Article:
The accumulation of microglia/macrophages and TNF-α corresponds spatially with demyelination and persists in the absence of IGF signaling
Microglia/macrophages clearing myelin debris by phagocytosis accumulate within the demyelinating corpus callosum in wild-type mice between 2 and 5 weeks (Hiremath et al., 1998). Also present during the same period is the cytotoxic cytokine TNF-α, which is expressed by microglia/macrophages and astrocytes (Arnett et al., 2001). TNF-α facilitates the continued activation of microglia/macrophages and promotes the proliferation of oligodendrocyte progenitors to restore the lesion (Arnett et al., 2001). Thus, for further assessment of the demyelination process, we examined histologically the demyelinated region for the presence of TNF-α and of microglia/macrophages, the latter identified by the F4/80 antibody. We observed that the accumulation of these two indicators at 4 weeks was the same in both wild-type and ΔIgf1r mice (Fig. 4). In contrast, a significant difference was observed at 9 weeks. At this time, the microglia/macrophages and TNF-α had practically disappeared in wild-type mice from the region that was previously damaged, whereas their presence persisted in ΔIgf1r mutants (Fig. 4). Thus, counting of F4/80+ cells at 9 weeks indicated that their number was at least fourfold higher in the mutants than in the controls (Fig. 4).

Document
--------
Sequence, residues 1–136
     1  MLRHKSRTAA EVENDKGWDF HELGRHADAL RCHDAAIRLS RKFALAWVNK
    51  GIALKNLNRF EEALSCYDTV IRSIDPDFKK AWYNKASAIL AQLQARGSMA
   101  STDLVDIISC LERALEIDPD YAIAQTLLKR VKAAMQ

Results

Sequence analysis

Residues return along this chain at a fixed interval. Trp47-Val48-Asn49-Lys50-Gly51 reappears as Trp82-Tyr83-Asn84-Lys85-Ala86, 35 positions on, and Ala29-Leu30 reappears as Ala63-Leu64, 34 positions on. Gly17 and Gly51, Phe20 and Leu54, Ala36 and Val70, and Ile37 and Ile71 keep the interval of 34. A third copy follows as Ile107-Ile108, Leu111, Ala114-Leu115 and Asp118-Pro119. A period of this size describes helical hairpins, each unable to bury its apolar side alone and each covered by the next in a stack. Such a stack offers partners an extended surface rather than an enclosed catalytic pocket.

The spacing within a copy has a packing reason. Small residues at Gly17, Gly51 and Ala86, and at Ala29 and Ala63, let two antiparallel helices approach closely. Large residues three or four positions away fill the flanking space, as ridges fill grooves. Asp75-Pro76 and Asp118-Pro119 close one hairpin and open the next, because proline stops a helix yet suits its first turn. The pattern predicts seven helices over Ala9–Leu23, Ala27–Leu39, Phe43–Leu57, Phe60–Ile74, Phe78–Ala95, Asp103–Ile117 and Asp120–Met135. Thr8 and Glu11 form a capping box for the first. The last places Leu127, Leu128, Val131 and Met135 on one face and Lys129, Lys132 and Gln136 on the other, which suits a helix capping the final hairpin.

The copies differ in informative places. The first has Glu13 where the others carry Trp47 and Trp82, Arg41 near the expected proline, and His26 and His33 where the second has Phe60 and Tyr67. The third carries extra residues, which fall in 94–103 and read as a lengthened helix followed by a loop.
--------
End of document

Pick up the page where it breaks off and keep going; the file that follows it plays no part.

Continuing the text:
Mature oligodendrocyte regeneration is decreased in the absence of IGF signaling
During cuprizone-induced demyelination, the mature oligodendrocyte population, identified by the CC1 antibody, disappeared throughout the entire depth of the corpus callosum in both wild-type and ΔIgf1r mice at 4 weeks (Fig. 5) (Mason et al., 2000a). Subsequently, mature oligodendrocytes reappeared in normal numbers in wild-type mice after they were returned to a normal diet after 6 weeks of cuprizone treatment (Fig. 5) (Mason et al., 2000a). In contrast, mature oligodendrocytes did not regenerate to normal numbers in ΔIgf1r mice at 9 weeks (Fig. 5). Counting of CC1+ oligodendrocytes at this time indicated the number of mature oligodendrocytes in the mutants was ∼45% of that found in controls. These cell counts reflect CC1+ oligodendrocytes throughout the entire depth of the corpus callosum (counting cells within specific regions of the callosum is very difficult), and after examining many sections, we can state that most of these oligodendrocytes resided in the remyelinated ventral and dorsal regions of the callosum and not in the demyelinated middle region. Additional analysis (TUNEL assay combined with CC1 immunostaining) indicated that the paucity of oligodendrocytes in the middle region was not because of the apoptotic death of newly generated oligodendrocytes during recovery at 6 and 9 weeks (data not shown).